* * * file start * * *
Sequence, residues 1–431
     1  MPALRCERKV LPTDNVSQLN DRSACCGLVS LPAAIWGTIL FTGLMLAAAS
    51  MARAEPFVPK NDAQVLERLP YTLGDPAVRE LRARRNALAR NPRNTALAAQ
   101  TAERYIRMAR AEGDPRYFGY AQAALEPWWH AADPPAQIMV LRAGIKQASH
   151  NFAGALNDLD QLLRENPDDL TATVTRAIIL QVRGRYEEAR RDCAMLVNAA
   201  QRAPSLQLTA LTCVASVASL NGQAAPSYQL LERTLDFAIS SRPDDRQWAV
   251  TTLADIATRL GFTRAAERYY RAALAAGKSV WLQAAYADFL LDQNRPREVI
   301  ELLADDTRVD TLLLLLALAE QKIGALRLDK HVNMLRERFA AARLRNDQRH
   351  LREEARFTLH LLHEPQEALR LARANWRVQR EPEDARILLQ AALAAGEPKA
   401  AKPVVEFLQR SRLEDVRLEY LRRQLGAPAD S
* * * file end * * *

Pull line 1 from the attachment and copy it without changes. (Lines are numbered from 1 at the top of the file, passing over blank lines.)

Sequence, residues 1–431